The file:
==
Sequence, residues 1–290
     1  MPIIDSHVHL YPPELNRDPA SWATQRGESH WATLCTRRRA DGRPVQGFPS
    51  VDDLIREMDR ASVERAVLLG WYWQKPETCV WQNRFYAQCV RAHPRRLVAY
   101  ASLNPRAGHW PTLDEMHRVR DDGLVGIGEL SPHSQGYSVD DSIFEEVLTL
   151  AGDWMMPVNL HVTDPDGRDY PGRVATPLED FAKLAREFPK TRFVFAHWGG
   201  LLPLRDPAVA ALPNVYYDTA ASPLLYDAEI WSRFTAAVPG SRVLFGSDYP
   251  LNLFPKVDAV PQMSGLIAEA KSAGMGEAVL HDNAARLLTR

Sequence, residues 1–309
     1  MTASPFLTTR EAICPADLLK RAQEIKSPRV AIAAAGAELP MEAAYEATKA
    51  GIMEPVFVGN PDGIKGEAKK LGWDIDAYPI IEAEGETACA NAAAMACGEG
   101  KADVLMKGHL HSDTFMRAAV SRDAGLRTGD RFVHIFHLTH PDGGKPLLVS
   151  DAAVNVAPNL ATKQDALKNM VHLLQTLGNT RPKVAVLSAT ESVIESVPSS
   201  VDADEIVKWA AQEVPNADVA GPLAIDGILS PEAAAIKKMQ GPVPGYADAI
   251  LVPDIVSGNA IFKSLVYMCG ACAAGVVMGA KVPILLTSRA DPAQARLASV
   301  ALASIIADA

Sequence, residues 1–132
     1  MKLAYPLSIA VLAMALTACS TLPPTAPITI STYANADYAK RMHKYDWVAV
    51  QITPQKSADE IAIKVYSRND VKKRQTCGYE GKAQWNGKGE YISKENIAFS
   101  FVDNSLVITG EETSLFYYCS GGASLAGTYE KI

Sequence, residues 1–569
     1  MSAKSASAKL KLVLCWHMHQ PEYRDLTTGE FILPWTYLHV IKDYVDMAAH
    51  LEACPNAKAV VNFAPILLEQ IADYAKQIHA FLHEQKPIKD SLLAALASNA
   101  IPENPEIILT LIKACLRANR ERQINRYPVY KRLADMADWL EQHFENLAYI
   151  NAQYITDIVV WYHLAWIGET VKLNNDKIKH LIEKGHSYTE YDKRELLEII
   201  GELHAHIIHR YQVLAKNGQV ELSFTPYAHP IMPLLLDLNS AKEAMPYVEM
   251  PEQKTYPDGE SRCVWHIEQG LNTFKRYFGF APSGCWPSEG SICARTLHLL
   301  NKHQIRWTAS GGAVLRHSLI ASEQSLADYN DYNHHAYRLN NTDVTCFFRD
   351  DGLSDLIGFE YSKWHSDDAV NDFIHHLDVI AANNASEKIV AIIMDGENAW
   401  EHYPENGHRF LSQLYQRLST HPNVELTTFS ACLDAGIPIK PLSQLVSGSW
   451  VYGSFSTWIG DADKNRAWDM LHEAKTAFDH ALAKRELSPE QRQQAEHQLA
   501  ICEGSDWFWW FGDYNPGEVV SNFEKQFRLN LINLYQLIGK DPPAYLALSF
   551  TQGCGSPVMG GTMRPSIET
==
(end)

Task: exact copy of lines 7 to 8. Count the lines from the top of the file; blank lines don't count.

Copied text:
   251  LNLFPKVDAV PQMSGLIAEA KSAGMGEAVL HDNAARLLTR

Sequence, residues 1–309